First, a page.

I don’t remember when I first heard the term “cover cropping,” but I know it was a while after I developed a serious interest in gardening and farming. An ongoing curiosity concerning the growth and care of plants has resulted in my working in the horticulture department of a zoo, as an employee of a commercial landscaping company, and as an educator and gardener in school and community garden settings. As my experience has progressed, my understanding of and appreciation for the more subtle aspects of plant and land care has increasingly developed.
Initially, I was attracted to the “flashy” aspects of farming: beautiful, sun-ripened tomatoes; rows of bright sunflowers; the species that look, smell, and taste good. I cared about growing these plants because I immediately understood the benefit of doing so. Over time, I’ve realized (through both personal experience and study) that farming is a complex art requiring a lot of thought and planning if one wishes to grow crops in a way that is healthy for people and the land, long-term.
Cover cropping is a principle utilized by many farmers that is beneficial in so many ways. The idea is simple: crop rotation is key in farming, as certain species only grow in certain seasons, and pest and fertility problems can result from growing the same thing in the same place year after year. Using a “cover crop” as part of the rotation involves the planting of a species that is not necessarily grown to be harvested (although sometimes it can be), but as a place-holder in between the “cash crops,” or produce grown for market value. Commonexamples of cover crops are grains like rye and buckwheat and legumes like alfalfa and hairy vetch. Planting a cover crop ideally protects the soil, restores the nutrients leached by the cash crops, and crowds out potential weeds.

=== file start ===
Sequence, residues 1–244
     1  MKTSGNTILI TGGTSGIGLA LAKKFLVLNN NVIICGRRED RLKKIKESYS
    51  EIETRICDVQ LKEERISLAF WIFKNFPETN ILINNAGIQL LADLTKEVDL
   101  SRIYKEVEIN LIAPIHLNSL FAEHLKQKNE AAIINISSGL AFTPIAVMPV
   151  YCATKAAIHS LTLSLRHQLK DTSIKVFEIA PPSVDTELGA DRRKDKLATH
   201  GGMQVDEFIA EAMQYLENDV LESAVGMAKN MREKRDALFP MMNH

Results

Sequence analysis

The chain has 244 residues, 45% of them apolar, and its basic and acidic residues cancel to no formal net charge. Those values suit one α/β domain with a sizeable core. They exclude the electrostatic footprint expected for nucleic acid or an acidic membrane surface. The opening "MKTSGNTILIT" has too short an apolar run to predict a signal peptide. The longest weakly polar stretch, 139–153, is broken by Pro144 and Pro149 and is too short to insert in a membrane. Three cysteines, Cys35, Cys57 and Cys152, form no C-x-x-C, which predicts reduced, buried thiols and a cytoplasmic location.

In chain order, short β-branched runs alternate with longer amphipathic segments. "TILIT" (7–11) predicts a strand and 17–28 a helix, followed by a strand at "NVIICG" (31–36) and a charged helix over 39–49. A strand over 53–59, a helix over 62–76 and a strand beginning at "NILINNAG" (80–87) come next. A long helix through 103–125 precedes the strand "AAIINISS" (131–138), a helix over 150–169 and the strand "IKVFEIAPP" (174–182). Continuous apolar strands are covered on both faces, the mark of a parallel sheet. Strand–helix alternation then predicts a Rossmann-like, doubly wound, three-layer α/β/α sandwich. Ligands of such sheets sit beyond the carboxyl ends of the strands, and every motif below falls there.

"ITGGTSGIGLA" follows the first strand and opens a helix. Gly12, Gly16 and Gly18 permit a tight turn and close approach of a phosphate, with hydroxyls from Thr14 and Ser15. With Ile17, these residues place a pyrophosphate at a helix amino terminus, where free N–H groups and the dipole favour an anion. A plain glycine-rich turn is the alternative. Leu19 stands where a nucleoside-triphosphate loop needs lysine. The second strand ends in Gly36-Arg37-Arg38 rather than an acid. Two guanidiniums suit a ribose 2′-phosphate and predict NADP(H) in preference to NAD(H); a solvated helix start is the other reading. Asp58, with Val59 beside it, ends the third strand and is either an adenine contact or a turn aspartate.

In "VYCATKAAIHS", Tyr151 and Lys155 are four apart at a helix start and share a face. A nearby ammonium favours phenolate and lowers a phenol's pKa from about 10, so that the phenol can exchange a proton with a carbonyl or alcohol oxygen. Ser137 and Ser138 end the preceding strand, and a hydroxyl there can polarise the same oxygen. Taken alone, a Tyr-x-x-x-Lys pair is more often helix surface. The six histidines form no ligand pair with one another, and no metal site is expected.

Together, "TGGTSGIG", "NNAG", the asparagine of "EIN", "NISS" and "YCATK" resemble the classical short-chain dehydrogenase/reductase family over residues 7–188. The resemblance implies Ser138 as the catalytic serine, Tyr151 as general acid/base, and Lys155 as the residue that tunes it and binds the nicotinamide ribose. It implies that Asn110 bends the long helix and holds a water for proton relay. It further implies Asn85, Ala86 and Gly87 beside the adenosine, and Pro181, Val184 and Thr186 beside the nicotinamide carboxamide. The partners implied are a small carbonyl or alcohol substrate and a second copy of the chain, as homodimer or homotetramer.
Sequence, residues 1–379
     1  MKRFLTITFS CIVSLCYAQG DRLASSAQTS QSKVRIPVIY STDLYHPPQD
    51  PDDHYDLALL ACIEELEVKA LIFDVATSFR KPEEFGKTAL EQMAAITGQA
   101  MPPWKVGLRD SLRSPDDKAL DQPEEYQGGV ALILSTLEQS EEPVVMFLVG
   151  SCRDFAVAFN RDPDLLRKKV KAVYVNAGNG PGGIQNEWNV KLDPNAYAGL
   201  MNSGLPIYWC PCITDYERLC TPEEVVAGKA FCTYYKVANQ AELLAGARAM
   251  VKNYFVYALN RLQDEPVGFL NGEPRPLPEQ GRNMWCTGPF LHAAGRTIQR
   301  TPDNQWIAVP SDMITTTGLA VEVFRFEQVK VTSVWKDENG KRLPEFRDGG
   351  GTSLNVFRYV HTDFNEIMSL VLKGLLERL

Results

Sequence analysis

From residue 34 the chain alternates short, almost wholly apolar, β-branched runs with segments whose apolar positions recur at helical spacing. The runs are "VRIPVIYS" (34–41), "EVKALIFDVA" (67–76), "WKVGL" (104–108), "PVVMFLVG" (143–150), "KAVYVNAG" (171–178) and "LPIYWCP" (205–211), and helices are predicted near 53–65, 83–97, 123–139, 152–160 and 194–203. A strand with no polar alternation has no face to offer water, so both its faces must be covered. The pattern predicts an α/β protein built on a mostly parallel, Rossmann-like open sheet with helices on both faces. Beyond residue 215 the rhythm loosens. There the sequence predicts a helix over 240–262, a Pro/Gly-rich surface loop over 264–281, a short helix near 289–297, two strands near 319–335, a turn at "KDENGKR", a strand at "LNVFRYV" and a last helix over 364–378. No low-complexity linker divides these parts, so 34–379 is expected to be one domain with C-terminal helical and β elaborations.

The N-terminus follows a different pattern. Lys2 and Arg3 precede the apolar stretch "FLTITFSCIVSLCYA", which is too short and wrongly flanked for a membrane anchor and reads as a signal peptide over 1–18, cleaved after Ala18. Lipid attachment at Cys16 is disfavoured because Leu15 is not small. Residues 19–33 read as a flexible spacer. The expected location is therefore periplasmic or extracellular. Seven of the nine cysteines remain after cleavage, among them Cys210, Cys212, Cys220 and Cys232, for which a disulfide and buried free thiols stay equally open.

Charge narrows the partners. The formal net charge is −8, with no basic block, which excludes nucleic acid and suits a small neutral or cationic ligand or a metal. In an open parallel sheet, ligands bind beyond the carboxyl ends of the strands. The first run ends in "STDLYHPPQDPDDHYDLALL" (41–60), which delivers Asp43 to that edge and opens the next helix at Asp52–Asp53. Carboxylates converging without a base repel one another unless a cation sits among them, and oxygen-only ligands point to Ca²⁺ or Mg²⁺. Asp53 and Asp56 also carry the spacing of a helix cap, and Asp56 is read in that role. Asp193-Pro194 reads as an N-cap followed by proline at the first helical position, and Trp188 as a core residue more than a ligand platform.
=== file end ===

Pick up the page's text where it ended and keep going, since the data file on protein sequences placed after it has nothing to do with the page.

With these ideas in mind, planting a cover crop in between seasons seems like a no-brainer to me. Cover crops are often easy to establish and can be left to do their thing when the land might otherwise be empty or less productive. Allowing the land to rest and be restored in this way makes for a more productive plot in the long-term, and it limits the need for reintroducing nutrients through chemical or alternative means. It also saves the farmer from having to eradicate the abundant weeds that will grow in a vacant bed.
We started several rows of cover crops at the NYU Urban Farm this fall, and it has been exciting to watch them grow! The buckwheat germinated quickly, and now a nice blanket of green covers several of the rows that don’t have vegetables. In the spring, the cover crop will be easy to pull up or till into the soil, and the bed will be fresh and ready to grow something else. It’s nice when the plants do some of the work!